Analytic autoethnography and creative heartfelt autoethnography were two vital parts of the framework of my methodological loom. This meant that I engaged with the novel in a different way. I saw not only my life as data, but my work as data and the drafting of the novel an act of research. It changed me as a writer and a thinker. Autoethnography was the methodological framework that held the autobiographical foundation in place while I wove epistolary fiction through the story. It was the qualitative research tool I used to analyse my collection of letters and epistolary fragments to make meaning of my life and relationship with Maggie, enabled self-interrogation in the investigation of my writing practice.
Autoethnography empowered me, nevertheless, it still did not fill all the gaps. Although I saw my reactions, both as a woman and as a writer, to be an invaluable part of the research process, the capacity to generalise out of my own life was limited. When contemplating making my experience available to others, I realised that I could create more entry points for others through fiction. Autoethnography provided me with the confidence to realise that what I needed to tell this story was to go further into fiction Writing fiction enabled me to distance myself further from the auto/biographical experience, but it was the methodological requirements of autoethnography that empowered me to distance myself, not only from the auto/biographical experience, but also from the fiction. By mobilising creative epistolarity, I addressed the challenges of how to honour my research data, how to honour life experience and how to represent it.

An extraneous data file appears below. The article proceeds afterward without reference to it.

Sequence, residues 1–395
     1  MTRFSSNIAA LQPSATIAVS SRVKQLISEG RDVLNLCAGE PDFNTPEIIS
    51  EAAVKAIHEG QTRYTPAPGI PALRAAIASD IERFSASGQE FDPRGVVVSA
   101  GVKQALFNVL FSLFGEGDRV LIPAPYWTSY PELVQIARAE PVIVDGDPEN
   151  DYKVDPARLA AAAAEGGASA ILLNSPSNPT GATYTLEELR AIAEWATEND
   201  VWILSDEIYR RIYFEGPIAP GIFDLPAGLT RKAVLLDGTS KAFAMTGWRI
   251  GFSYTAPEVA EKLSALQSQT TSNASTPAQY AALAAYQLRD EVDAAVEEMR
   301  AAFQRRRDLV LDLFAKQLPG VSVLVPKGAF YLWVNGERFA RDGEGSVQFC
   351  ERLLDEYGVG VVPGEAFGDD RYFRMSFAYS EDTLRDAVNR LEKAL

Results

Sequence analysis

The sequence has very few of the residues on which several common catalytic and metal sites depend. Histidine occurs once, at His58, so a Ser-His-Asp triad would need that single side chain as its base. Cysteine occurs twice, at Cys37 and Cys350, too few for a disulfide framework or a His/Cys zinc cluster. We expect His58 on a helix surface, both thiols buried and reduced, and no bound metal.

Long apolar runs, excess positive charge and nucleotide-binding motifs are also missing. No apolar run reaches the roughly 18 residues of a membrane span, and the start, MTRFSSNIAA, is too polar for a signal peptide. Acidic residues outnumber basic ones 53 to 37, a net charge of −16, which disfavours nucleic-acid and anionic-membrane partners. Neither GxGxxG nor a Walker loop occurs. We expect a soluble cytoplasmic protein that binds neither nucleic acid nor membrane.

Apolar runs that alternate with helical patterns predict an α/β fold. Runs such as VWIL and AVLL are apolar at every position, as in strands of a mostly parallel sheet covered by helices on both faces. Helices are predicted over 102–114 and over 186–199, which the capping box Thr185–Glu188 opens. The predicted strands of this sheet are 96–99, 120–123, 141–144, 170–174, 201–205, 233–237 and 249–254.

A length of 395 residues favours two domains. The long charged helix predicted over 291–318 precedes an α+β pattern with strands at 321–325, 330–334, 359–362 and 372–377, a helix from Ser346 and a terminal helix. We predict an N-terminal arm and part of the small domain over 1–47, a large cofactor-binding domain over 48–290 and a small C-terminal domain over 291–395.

Writing can be an isolating experience. Many writers seek the support of trusted likeminded people willing to share artistic and practical feedback. I’ve had fantastic support while writing the novel. Now it is up to me to do the hard yards and get it published. Thank you for being my unseen blogging supportive network who help keep me trying and keep writing; yet another benefit of blogging.